Mr. H. in addition to his former experiments will exhibit several fiery feats pronounced by Mons. Chabert an IMPOSSIBILITY. He will give a COMPLETE explanation by illustrations of the PRINCIPLES of the EUROPEAN and the AMERICAN CHESS PLAYERS. He will also (unless prevented by indisposition) swallow a sufficient quantity of phosphorous, (presented by either chemist or druggist of this city) to destroy THE LIFE OF ANY INDIVIDUAL.”
Now that’s what I call a variety act. Unfortunately, though, no clue is given as to precisely what these principles were - nor why they might alter as one crosses the Atlantic!
In any event, it certainly sounds like a fun night. Think of W. C. Houghton next time you attend a chess lecture or simultaneous display. Taking on 30 players at once is all very well but can our current crop of IMs and GMs after setting themselves on fire? Sadly, I rather think not.
Miracle Mongers. Truly, as Houdini says, a dying breed.
Friday, July 06, 2007
Streatham & Brixton Chess Club first teamer Robin Haldane also played, his team Celtic Tigers finishing 12th from 15. The event was evidently rather strong. Robin's opponents ranged from 2260 up to 2490 FIDE Elo - against whom he scored 4/7, despite having two whites and five blacks. Here he is in action against Gary Kenworthy:
Now, has that got you in the mood to blitz out some chess violence? If so - you don't have to wait long, as Sunday week sees the Richmond Rapidplay return in its 72nd (!) reincarnation. The Surrey Rapid Chess website has all the details, plus results and photos from previous competitions.
Thursday, July 05, 2007
We didn't think we could do any worse so Tom and I decided to make our own video to teach chess to the masses. Apart from anything else we thought it time that our non S&BCC readership found out what we looked like.
Here we are in all our glory.
While I'm here I might point out that if you look closely at the sidebar to the left (at the bottom of Our Archives, just below the Blunder and Puzzle Index) you'll see Tom has added a Video Index to enable us to keep track of all the clips we show on the blog.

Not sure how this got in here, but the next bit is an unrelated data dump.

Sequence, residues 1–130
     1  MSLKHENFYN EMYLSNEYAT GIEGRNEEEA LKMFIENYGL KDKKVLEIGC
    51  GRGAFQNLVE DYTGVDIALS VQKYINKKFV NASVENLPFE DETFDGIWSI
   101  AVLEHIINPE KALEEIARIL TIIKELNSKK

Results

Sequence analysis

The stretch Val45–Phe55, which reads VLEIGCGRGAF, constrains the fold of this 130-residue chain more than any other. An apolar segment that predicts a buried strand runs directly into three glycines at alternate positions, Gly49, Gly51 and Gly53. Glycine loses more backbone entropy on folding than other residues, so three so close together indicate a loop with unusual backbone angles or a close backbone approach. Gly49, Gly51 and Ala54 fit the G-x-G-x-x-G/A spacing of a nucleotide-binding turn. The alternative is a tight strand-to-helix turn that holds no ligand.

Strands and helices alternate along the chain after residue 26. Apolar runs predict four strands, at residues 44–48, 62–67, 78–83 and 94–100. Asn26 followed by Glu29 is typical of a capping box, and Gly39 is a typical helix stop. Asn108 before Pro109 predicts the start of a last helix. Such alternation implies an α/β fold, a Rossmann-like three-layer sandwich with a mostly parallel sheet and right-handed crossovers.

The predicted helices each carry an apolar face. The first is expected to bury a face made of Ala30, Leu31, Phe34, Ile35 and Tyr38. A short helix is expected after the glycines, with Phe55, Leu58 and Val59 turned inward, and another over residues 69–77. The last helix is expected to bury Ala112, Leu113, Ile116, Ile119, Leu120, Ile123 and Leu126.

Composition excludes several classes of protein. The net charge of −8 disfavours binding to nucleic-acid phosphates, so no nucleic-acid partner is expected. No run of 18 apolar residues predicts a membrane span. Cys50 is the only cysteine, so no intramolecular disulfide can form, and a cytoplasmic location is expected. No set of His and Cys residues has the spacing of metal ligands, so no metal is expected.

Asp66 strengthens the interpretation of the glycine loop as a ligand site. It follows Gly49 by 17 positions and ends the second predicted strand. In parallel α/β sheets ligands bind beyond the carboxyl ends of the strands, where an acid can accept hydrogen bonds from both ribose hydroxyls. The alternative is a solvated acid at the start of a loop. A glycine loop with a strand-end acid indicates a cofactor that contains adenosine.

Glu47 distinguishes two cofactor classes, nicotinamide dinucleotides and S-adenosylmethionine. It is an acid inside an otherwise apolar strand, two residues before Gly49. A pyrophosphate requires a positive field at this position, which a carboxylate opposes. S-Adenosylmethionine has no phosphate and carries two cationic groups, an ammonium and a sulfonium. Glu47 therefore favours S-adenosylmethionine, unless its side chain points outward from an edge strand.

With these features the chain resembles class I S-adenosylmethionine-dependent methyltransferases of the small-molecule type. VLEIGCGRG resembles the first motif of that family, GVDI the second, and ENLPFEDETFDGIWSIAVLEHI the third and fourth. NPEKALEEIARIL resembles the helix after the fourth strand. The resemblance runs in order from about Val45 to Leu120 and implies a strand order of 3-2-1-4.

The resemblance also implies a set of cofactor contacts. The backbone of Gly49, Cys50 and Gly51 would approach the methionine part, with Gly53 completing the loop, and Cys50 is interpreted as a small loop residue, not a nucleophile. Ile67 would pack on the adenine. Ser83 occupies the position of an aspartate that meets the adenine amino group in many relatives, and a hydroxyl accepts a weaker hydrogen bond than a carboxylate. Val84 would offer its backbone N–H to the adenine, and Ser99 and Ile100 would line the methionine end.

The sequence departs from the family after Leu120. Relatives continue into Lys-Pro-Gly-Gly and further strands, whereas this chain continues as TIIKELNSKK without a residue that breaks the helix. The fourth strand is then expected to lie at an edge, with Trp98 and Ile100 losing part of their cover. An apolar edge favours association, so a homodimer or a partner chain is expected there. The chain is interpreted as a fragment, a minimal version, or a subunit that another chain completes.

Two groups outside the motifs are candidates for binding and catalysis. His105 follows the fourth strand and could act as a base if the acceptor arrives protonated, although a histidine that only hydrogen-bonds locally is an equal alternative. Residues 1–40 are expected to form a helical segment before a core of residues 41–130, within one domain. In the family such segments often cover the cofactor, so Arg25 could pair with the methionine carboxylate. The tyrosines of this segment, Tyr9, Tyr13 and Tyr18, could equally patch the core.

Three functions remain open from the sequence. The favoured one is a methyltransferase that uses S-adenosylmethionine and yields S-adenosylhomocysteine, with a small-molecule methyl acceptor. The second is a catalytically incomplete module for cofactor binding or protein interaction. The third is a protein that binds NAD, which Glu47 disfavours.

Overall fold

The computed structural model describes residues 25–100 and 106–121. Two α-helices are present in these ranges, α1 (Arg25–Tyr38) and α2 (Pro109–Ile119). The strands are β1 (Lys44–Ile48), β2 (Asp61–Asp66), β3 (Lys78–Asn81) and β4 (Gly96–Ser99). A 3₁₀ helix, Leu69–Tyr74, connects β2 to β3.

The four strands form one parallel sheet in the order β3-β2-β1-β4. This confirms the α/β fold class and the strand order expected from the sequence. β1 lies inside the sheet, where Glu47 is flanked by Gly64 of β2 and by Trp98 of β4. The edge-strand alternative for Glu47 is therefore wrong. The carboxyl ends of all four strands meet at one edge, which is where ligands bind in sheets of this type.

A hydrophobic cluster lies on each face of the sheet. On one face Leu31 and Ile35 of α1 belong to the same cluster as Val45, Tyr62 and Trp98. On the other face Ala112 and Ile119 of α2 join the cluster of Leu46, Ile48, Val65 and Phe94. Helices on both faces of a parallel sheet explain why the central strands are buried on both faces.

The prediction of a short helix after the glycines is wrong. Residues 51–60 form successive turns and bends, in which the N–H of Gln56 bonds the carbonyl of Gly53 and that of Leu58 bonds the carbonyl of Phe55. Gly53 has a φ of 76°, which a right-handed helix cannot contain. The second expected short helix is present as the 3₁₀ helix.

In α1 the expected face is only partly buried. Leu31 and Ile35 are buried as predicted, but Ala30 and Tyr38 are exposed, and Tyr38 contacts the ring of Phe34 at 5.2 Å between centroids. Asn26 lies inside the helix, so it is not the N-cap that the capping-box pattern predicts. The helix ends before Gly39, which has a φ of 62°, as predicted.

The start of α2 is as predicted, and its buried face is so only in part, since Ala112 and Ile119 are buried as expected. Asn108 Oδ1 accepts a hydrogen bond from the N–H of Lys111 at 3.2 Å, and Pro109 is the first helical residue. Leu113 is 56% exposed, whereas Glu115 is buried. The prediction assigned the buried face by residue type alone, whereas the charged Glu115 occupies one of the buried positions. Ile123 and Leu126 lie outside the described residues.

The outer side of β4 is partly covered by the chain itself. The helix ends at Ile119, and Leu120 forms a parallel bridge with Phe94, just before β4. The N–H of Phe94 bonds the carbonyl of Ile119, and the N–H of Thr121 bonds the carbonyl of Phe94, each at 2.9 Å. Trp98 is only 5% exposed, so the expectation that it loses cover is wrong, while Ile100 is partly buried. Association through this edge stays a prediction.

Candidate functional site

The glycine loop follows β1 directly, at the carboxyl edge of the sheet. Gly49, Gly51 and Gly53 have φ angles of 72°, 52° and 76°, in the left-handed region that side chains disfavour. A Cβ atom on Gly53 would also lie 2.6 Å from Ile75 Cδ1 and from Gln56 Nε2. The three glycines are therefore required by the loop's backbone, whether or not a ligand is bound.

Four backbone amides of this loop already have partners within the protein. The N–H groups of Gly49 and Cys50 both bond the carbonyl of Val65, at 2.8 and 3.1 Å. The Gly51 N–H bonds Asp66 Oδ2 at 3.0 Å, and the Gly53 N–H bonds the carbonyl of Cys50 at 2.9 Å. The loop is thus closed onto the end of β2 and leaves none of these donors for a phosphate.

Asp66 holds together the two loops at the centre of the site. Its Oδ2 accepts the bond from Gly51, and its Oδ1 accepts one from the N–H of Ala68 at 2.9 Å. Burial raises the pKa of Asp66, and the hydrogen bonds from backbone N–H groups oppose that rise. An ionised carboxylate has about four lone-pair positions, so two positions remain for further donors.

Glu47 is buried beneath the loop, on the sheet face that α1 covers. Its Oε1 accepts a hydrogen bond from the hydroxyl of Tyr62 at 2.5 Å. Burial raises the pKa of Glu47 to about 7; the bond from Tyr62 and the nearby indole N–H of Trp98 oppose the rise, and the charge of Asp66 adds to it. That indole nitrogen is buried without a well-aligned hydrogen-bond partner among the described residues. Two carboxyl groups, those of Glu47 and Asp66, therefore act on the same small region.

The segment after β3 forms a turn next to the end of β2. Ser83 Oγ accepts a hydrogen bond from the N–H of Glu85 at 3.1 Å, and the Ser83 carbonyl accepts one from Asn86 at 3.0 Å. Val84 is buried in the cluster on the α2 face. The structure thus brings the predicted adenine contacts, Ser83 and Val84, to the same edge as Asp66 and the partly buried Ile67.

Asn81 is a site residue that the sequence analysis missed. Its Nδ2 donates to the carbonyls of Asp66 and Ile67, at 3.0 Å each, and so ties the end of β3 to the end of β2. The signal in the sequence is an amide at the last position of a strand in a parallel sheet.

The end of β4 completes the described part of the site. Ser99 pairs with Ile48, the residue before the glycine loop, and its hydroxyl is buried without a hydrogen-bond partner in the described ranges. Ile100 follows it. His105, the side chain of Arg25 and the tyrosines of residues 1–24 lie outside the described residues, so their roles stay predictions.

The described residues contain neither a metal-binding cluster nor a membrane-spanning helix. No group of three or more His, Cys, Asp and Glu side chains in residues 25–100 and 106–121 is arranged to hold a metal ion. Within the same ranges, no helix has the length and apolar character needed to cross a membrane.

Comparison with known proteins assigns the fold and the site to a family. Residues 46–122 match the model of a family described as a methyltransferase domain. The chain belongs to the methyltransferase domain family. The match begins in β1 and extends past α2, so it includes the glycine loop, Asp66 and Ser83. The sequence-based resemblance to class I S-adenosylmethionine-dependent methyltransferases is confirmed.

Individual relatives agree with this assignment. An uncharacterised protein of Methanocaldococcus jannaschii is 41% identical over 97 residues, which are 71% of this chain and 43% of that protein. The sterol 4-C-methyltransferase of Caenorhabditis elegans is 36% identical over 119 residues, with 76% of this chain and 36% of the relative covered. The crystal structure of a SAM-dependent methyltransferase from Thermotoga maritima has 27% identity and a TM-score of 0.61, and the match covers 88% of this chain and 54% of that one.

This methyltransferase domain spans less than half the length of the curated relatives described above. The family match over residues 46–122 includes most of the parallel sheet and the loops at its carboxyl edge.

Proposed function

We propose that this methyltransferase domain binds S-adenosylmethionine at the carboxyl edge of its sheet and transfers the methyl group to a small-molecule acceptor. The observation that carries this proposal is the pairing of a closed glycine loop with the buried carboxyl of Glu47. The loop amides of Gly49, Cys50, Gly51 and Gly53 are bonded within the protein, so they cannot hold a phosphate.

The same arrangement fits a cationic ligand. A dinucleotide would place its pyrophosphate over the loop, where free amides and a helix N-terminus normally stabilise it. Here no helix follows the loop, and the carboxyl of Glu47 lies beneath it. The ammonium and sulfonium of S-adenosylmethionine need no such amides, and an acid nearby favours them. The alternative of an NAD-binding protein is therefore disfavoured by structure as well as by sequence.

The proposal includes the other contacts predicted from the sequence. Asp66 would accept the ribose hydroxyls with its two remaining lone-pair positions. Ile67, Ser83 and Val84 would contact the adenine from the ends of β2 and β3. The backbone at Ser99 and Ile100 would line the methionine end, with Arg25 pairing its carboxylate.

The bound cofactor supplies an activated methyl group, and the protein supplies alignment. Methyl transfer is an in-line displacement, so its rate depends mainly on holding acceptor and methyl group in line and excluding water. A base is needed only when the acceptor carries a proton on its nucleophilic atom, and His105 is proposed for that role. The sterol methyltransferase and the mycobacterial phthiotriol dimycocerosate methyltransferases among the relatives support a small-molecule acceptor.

I'll be keeping it updated so if you want to watch anything from Korchnoi playing chess against a cow to little girls explaining the finer points of King and Pawn endgames (or "ending games" as she prefers to call them) that's the place to look.
Wednesday, July 04, 2007
My other games against grandmasters - there's been, I think, fewer than half-a-dozen - have been totally one-sided affairs. They include a trouncing by Tony Miles at Wolverhampton when he was, I believe, number 52 in the world, and a similarly unequal struggle against Mark Hebden in a final round at Coventry after I'd beaten an FM the round before. I did nearly knock over Jacob Aagaard once, but although he had achieved three norms his rating fell (and still falls) below the level required to receive the grandmaster title.
This one, though, was different - hard-fought, tight, the identity of the amateur and the grandmaster not evident from the moves alone. It was played on the same day as the World Cup Final and like that match, it was decided only at the very end. My girlfriend, who knows little of chess, said to me afterwards that she knew it must have been close - because there were so few pieces left on the board.
I must have been better coming out of the opening, perhaps much better - and in the ending, I missed a draw. Komljenovic was a relieved man at the finish. "Close", he said to me, in English. "Very close."
Tuesday, July 03, 2007